Trusty Knife

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I think all hunters can agree that a good trusty knife is one of the most important pieces of gear to take into the wild. Many knifes serve many different purposes; which is why I have always preferred my Buck PackLight series which comes with a large skinning knife, caper and a gut hook, or as I like to call it, the “unzipper.” With any large game animal, it is easy to start an incision “unzip” the belly with the gut hook and then use the skinning and caper knife to finish the job.

The problem comes when you go on a hunt that is more remote than the usual hunt and where there may not be electricity. When your knives get dull, how do you handle it? There are a few different ways to sharpen a knife such with a wet stone which is time consuming and not for every blade shape, electric sharpener which can be with a stone or belt but will require electricity. Pull through sharpeners will vary in size but are for the most part portable, and guided rod sharpeners which require a bench of sorts but will give you a long-lasting sharp blade. I will briefly discuss each of these options and then talk about a new method I have found which eliminates the need for any sharpener and saves quite a bit of time.

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Some of these systems require more skill than one would initially think. The most skill required is wet stone and guide rod systems but they will give one the sharpest blade for the most cuts. These options seem to take up the most of your time in set up and operation whether assembling the guide rod or swapping and oiling stones. Electric and pull through systems seem to give a good sharpening faster than the previous two, but I find blades dull relatively quicker. Now I prefer a guide rod system for my hunting knives when I am home or at camp, but on this last hunt, we harvested three wild boar and two deer and needed another option.

It was then where my father-in-law introduced me to Havalon knives and the world of replaceable blades. The idea is simple, when your blade dulls, pop it off and swap it out for a fresh razor-sharp scalpel like blade and continue on. You can store the used blade in the foil wrapper and recycle them when you return, or discard them. I prefer storing them in a blade disposal box until it is full, then bringing it to my local recycling center. You might want to check with your recycling center first as some do not take used blades. You can get a dozen replacement blades for under ten bucks and they last long enough to justify buying them. I relate it to the decision to keep sharpening a straight razor versus buying disposable razors, each person has their preferred methods either out of pride or convenience.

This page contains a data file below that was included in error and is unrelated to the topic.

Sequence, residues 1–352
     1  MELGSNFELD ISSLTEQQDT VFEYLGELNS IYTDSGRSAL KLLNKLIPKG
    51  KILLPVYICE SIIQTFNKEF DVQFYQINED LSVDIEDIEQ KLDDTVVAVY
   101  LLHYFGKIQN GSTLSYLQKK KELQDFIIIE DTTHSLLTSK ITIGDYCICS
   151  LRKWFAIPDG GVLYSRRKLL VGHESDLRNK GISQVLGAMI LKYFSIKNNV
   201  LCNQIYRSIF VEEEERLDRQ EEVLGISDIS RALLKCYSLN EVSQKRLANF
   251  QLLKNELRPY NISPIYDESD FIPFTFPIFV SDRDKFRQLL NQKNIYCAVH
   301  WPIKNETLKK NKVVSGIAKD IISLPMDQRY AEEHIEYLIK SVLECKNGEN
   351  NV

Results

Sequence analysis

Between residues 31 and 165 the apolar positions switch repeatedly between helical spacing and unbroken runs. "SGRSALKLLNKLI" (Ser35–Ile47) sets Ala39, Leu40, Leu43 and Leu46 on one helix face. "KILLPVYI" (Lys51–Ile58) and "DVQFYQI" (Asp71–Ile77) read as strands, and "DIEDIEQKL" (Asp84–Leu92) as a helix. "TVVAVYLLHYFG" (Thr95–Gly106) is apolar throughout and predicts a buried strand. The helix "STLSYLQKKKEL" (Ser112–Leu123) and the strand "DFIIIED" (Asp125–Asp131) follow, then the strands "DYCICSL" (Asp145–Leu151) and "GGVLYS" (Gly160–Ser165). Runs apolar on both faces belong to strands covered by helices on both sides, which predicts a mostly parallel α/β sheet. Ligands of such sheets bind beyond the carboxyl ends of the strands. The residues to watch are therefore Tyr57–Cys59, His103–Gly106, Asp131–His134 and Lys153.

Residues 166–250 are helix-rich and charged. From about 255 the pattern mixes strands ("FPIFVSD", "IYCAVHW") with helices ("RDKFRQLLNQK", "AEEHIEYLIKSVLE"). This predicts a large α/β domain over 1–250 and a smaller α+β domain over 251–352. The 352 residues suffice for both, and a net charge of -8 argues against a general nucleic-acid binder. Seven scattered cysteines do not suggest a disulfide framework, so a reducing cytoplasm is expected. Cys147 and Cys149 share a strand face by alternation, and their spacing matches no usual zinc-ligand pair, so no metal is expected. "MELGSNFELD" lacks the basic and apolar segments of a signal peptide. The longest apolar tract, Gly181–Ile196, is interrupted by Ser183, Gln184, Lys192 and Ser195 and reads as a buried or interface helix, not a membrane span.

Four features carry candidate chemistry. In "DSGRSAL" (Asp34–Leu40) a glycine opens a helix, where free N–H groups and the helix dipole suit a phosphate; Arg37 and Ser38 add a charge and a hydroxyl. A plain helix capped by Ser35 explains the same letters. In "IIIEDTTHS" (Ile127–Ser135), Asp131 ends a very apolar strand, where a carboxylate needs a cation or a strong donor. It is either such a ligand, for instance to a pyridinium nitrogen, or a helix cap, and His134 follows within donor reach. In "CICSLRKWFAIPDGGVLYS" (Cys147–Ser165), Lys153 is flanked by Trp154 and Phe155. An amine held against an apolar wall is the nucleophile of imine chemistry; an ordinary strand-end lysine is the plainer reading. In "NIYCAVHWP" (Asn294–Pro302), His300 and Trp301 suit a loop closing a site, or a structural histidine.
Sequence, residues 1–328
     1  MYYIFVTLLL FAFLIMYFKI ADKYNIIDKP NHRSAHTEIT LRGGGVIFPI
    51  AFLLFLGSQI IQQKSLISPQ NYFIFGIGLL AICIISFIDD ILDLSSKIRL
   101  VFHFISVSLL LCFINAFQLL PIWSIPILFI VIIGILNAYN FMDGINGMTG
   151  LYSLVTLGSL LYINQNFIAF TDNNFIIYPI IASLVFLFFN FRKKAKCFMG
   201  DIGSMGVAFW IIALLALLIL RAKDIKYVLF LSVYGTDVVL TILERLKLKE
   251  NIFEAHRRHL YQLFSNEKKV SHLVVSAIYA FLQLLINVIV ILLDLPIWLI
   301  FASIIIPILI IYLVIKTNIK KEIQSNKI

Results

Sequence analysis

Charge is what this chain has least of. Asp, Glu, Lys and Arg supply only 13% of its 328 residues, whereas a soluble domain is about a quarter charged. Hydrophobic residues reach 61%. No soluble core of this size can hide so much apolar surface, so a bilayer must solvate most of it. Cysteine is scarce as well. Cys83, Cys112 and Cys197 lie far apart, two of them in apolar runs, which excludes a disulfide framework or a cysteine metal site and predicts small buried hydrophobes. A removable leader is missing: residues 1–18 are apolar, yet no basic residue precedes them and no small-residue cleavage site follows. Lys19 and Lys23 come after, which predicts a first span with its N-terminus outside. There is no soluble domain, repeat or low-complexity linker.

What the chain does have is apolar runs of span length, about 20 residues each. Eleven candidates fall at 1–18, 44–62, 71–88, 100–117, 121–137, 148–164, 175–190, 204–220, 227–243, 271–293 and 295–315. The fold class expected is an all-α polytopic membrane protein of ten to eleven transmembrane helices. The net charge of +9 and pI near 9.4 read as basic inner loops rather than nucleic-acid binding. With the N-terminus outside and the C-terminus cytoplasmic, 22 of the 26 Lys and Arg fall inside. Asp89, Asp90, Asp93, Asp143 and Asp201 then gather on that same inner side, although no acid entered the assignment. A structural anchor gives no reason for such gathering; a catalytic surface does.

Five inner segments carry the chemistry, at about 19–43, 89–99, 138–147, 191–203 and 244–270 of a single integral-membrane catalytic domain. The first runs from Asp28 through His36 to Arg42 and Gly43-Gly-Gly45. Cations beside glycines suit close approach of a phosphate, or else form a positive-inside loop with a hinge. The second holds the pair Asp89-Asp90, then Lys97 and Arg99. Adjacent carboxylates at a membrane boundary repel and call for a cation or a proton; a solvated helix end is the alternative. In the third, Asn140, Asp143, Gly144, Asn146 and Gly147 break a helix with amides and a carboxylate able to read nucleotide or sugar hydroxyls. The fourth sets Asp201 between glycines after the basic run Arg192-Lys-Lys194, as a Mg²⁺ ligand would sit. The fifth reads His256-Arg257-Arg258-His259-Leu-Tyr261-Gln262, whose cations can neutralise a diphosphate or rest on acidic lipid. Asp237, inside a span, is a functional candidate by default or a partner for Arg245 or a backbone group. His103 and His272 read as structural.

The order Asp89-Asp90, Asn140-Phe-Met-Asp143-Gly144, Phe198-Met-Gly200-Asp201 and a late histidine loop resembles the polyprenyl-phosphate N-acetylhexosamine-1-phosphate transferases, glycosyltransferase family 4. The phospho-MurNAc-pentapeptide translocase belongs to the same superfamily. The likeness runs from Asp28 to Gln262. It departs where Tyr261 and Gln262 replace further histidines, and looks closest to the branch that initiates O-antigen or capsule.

I have no issues with sharpening my own hunting knives and will still continue to do so, however I will from this point on never leave camp with out a Havalon or similar replaceable blade knife knowing I won’t have to stop to sharpen my knife. Plus, with more hunters getting out into the wild, people are finding themselves venturing out further and further; with the light weight and versatility, swapping out multi pack knife sets for this single knife will reduce weight carried. Last, I want to highlight how easy this little knife is to use when not only removing an animal’s hide, but fleshing the hide for tanning. This blade will glide across and reduce your time noticeably.

Whichever kind of knife and sharpener you chose, just be sure not to leave home without your trusty knife.

Dustyn Carroll

Dustyn always had a love for adventure and fostered a love for hunting and fishing after his military career began. He found an appreciation of wild game meats through his co-workers and then jumped into the pursuit of wild meat wholeheartedly. Cooking and serving wild game to his family and friends has become pleasurable achievement which he looks forward to at every new journey.

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